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What are the advantages of Tamron SP 85mm f/1.8 Di VC USD over the Nikon AF-S 85mm f/1.8G and why Nikon is about $200 cheaper than Tamron?

They are both similar on the specs. except for elements/groups, and image stabilization which seems to be an unnecessary addition. does the Tamron's VC justify its higher price?

  • Whether a particular feature "justifies" a particular difference in price is primarily opinion based and will vary from one potential buyer to the next. – Michael C Aug 18 '16 at 22:08
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    Not many people would call image stabilization an "unnecessary addition". – Agent_L Aug 22 '16 at 12:56
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The Tamron SP 85mm f/1.8 Di VC was introduced in 2016. The Nikon 85mm f/1.8G was introduced in 2012. Most lenses settle into a lower street price a few months after their introduction than the price they command when first introduced. It's still very early to see where the long term price of the Tamron will settle.

The most obvious difference is the inclusion of Vibration Compensation good for about 3 stops in the Tamron lens and the lack of Vibration Reduction in the Nikon lens. How useful VC would be depends on the actual usage of the lens. Shooting static subjects handheld in low light would make it very significant. Shooting moving subjects in brighter light or shooting from a stabilized position such as a tripod would make it fairly inconsequential.

The Tamron has more optical elements (13) than the Nikon (9).
The Tamron (24 oz.) is twice as heavy and seems to be built more solidly than the Nikon (12 oz.).
The Tamron has 9 aperture blades that are rounded compared to 7 non-rounded blades in the Nikon.

The Tamron has electronic connections for both AF and aperture control. This limits the use of the Tamron lens to newer bodies compatible with Nikon "Type E" lenses. That would include most bodies introduced since around 2007: D3100, D5000, D7000, D300, D500, D600, D700, D800, Df, and D3 as well as any later camera model in each of these cameras' series (e.g. D3200, D3300, D3400, etc.).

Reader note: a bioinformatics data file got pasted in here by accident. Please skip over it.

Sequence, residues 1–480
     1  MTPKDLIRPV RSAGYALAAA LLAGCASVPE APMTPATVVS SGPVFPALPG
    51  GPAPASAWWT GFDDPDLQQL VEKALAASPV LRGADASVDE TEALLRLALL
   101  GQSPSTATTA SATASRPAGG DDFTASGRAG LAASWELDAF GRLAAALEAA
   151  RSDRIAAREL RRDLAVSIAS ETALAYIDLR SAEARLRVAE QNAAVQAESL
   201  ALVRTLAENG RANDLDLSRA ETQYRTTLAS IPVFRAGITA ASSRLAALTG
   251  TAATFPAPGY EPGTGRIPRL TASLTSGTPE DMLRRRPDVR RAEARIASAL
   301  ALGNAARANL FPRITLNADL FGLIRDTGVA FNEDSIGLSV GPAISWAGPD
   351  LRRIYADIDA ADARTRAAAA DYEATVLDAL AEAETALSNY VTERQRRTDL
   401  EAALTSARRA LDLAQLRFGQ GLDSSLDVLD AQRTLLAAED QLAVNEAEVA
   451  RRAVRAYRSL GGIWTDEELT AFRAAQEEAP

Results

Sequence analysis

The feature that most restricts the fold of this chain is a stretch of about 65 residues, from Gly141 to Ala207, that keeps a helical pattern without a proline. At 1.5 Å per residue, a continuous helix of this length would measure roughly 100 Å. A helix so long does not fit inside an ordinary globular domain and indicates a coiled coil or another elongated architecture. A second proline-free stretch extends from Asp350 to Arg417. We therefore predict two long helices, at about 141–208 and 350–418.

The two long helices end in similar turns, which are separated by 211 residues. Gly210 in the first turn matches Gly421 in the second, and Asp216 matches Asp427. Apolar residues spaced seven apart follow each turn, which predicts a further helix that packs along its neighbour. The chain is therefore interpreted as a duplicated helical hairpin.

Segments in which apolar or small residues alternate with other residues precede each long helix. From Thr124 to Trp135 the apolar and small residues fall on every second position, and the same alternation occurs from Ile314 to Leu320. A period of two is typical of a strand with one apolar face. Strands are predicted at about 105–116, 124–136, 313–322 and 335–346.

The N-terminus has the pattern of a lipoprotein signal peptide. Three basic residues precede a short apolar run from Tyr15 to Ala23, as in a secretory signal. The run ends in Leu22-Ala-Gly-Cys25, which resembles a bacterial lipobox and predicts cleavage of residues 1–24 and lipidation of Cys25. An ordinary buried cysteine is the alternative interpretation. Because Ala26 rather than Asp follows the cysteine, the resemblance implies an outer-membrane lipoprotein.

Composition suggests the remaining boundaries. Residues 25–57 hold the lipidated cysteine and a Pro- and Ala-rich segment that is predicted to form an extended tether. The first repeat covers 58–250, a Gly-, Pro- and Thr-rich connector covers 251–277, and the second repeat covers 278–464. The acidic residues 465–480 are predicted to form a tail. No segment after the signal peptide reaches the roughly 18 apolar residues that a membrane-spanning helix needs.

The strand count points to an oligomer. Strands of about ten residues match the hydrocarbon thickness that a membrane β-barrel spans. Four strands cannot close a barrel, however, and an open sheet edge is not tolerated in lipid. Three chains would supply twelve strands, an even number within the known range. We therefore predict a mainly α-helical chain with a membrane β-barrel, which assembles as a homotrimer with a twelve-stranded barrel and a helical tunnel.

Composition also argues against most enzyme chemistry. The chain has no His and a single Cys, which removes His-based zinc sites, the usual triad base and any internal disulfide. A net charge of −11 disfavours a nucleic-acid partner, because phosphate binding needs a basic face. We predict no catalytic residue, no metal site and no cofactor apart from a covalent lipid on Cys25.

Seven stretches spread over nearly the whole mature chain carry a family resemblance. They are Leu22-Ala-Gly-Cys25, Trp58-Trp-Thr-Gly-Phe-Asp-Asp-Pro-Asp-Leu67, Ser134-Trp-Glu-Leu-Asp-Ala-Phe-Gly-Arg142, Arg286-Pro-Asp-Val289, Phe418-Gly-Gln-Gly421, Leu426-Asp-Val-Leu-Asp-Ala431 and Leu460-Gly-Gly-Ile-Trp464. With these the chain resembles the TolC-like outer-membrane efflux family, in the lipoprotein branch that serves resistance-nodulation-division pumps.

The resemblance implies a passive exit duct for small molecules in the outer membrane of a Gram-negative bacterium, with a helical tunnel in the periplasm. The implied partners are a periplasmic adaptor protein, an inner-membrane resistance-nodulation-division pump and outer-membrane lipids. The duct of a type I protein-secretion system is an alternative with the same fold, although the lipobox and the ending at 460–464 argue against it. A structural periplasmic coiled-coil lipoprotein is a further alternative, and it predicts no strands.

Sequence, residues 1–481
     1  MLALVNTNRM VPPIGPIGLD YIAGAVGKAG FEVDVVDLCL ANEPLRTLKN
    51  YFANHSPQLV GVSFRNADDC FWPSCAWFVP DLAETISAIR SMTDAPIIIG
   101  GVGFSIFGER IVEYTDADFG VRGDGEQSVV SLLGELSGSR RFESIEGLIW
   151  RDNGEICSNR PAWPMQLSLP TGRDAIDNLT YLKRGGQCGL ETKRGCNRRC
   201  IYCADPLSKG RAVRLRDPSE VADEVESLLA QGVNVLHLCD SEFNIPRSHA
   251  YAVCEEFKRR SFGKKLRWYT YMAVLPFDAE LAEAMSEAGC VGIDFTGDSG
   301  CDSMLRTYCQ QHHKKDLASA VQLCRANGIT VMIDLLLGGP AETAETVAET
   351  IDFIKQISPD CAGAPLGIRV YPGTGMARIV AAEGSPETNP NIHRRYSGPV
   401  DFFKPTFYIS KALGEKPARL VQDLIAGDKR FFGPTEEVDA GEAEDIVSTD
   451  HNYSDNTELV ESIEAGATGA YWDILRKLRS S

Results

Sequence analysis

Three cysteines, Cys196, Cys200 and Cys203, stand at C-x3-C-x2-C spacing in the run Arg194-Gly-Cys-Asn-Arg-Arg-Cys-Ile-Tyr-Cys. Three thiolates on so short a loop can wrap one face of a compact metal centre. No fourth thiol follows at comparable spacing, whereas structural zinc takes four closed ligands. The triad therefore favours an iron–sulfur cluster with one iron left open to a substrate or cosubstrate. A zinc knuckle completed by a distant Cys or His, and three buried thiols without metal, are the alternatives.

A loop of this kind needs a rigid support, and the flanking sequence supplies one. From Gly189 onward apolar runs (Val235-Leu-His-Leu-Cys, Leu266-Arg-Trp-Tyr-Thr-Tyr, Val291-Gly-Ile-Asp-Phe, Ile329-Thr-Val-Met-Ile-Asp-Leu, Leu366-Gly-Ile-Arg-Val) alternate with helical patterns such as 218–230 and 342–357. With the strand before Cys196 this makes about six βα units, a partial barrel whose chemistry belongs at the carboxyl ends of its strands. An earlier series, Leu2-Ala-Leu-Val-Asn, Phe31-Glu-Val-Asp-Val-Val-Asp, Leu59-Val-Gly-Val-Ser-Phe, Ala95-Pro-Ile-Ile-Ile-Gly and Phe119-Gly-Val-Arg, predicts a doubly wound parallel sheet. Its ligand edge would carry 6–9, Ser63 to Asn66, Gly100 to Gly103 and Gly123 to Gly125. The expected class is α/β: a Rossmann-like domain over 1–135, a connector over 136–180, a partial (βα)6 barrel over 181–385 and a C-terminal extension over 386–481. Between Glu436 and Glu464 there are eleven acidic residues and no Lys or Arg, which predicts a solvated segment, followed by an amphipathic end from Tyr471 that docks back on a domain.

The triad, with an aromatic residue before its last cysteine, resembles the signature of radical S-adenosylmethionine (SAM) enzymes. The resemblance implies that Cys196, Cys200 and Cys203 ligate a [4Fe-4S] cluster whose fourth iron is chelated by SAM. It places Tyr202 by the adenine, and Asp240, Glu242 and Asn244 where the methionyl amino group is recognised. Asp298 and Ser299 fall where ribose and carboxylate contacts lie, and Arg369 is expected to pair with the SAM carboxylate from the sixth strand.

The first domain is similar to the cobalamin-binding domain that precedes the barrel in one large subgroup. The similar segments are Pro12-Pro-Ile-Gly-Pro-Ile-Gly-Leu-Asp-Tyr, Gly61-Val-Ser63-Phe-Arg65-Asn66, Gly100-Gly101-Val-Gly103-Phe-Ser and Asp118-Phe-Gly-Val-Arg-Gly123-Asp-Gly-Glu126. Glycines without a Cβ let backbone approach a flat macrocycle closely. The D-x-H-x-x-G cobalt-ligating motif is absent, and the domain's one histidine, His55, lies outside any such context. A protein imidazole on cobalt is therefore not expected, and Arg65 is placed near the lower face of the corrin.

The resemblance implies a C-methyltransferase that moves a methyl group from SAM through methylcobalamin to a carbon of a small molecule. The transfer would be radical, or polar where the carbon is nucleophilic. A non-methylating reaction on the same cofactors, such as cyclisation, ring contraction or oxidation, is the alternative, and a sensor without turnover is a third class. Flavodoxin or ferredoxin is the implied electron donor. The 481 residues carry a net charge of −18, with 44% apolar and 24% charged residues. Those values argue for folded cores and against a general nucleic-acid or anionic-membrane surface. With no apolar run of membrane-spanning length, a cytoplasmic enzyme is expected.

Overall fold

It also gives the advantages of an electronically controlled aperture: faster actuation, a potentially greater degree of accuracy without the need to periodically test and adjust the linkage mechanisms, and lack of susceptibility to the mechanical linkage being bent when the lens is attached to the camera. The nikon lens uses the mechanical linkage that has been standard on Nikon cameras for decades.

Most comparisons of optical quality between the two lenses show a clear edge to the Tamron lens at apertures wider than about f/5.6. This would make the Tamron a better choice for many as a portrait lenses where using large apertures for narrow depth of field is often desired. It would make little difference if the two lenses were being considered for usage on a tripod at f/8 or narrower.

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    @scottbb Thanks for the info. I've updated the answer to include it. – Michael C Aug 19 '16 at 0:26
  • I guess that makes the Tammy the lowest price E lens available in F mount... =) – scottbb Aug 19 '16 at 0:28
  • There may be other such third party lenses cheaper than it? – Michael C Aug 19 '16 at 0:33
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    @scottbb Tamron just announced a new version of their 150-600mm that will include an electronic aperture in the Nikon version as well as the other mounts. – Michael C Sep 1 '16 at 23:51
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The Tamron has two(2) advantages over the Nikon 85/1.8G:

  • Vibration Compensation (VC)
  • Weather Sealing

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